Another option would be to take action on the local level with ordinances that address hiring practices in individual communities and on college campuses.

Now that the problems with the law are known, “people need to share this information and go back on a hyperlocal level and say, ‘We can close this loophole,’” Rabb said. “We don’t need to wait for Joe Biden or for Governor Wolf or the knuckleheads in Harrisburg. We can do this ourselves, township by township, city to city.”

Policing in Pennsylvania suffers from lack of standardization

Due to a lack of standardization, each department might have a different process for finding, vetting, and approving officers, despite statewide training requirements, Steffen said.

Act 57 requires every agency to conduct a background check, and the state body that certifies officers published temporary rules in 2021 to guide those checks. But further legislation standardizing the process would help agencies avoid hires with histories of misconduct, Steffen said, something the police chiefs association tries to do when adopting standards agencies must meet for accreditation.

“We looked at how [background checks] were being done in other places because sometimes you don’t need to reinvent the wheel,” Steffen said, adding that states like Michigan adopted guidance on hiring and licensing officers.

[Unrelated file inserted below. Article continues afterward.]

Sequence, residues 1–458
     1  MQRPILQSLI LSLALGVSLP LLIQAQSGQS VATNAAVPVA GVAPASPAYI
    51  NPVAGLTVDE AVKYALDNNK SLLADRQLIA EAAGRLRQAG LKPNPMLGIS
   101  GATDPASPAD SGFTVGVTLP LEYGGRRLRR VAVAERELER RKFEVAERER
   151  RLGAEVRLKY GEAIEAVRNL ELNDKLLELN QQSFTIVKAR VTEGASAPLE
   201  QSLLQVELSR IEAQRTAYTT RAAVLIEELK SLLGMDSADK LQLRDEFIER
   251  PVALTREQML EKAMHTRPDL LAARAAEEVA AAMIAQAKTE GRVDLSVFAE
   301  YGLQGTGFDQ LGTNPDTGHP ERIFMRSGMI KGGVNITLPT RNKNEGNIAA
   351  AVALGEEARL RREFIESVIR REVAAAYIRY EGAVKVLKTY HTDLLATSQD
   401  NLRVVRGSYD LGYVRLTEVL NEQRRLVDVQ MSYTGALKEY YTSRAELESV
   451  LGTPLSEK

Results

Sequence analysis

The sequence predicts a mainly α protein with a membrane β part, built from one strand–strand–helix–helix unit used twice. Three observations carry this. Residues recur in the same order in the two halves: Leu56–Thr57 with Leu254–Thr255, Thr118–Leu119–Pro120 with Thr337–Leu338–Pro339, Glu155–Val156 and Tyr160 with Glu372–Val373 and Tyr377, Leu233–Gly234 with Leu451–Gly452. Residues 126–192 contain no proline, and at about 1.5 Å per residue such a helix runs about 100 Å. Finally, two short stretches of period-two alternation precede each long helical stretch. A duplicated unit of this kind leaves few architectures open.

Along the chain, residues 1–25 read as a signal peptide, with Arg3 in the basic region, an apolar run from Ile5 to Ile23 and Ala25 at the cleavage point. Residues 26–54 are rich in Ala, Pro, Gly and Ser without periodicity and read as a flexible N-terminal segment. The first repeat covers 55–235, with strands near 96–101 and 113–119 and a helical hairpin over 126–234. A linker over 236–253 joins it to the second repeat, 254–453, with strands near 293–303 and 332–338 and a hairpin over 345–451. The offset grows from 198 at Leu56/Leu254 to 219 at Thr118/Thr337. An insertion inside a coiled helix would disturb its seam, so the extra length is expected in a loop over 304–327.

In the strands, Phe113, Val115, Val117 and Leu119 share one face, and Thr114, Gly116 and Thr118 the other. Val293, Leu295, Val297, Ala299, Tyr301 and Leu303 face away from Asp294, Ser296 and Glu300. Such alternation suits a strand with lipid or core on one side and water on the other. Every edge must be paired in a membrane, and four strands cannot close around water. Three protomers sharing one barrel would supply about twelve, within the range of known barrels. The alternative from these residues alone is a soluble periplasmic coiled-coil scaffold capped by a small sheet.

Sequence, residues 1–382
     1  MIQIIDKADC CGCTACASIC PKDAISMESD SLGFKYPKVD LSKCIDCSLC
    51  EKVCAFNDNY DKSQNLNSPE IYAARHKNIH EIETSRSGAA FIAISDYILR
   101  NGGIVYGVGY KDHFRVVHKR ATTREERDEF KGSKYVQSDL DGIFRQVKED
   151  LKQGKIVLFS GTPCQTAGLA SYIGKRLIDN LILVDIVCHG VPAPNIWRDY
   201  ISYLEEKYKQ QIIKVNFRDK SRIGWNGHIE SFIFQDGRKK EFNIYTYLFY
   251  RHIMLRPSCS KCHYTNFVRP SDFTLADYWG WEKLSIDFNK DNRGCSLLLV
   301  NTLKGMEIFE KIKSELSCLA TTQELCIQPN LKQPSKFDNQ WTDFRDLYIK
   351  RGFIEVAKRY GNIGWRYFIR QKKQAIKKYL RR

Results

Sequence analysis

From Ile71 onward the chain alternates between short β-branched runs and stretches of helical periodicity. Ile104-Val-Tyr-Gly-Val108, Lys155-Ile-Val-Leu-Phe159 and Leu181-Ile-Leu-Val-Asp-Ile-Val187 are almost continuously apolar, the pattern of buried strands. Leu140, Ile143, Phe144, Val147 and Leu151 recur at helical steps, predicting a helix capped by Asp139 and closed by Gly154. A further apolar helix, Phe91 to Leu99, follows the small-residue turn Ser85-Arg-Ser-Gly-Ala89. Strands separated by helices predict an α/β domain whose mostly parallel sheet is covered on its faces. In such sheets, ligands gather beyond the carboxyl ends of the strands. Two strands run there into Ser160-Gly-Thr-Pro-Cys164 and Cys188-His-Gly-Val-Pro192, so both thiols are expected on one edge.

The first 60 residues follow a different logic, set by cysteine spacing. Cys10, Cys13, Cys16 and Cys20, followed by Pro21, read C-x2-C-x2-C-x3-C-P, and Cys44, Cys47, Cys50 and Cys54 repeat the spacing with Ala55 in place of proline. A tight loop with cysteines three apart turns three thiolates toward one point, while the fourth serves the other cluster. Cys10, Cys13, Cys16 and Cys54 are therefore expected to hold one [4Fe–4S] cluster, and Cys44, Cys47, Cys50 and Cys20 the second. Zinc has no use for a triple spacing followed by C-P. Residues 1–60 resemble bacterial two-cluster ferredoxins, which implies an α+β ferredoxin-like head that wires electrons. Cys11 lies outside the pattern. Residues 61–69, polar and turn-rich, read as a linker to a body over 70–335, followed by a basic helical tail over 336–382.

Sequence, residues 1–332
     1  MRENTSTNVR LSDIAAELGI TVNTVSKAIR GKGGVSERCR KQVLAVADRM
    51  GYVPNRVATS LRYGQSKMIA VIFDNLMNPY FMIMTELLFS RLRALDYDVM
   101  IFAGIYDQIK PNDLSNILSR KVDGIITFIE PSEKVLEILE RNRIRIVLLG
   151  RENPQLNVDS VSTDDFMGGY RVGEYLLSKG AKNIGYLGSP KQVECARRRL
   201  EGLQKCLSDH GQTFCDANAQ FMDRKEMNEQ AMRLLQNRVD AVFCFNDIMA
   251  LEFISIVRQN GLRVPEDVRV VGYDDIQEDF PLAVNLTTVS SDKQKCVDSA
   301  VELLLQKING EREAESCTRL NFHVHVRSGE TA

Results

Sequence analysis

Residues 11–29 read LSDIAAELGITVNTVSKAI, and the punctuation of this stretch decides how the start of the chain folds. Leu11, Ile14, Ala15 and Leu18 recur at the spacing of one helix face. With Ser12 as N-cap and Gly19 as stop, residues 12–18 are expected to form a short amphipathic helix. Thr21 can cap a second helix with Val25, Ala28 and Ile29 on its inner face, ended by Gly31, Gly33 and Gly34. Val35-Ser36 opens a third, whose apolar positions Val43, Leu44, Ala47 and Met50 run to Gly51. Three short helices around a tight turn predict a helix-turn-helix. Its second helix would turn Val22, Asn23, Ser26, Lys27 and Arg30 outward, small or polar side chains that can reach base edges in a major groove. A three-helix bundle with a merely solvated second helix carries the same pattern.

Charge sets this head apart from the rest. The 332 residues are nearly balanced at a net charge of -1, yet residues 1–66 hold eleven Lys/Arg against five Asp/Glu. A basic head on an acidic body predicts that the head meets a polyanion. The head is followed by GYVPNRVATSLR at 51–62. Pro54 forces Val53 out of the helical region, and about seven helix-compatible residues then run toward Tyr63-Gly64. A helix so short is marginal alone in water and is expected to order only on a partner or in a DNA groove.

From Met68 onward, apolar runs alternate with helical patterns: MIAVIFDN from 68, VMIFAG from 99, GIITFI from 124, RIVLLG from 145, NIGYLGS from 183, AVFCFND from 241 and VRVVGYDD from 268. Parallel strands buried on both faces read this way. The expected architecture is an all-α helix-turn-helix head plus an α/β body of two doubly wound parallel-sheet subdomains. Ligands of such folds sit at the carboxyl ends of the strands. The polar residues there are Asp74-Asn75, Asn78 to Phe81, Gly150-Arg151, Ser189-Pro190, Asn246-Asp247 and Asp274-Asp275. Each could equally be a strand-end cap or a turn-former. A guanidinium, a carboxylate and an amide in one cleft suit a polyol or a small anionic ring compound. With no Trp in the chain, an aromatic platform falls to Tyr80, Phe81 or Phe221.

“It’s not a perfect system,” Steffen said, “but our job is to leave it better than we found it, and that’s what we’re trying to do.”

Pennsylvania could follow examples set by other states

In the wake of protests against police brutality in 2020, other states also passed legislation aimed at improving police accountability, some of them more effective than the measures passed in Pennsylvania, the panelists said.

“Some states automatically decertify someone for certain kinds of wrongs done in the line of duty, like making materially false statements,” Donelson said. “Some states make this certification available through their public records law so it can be found and reported on by reporters.”

Unlike Act 57, which allows a department to avoid reporting misconduct to the database if an officer resigns before they receive “final and binding” discipline, Illinois law requires police departments to notify a state oversight board when an officer under investigation leaves their job.

“So there are various other things that states have done that Pennsylvania could emulate,” Donelson said.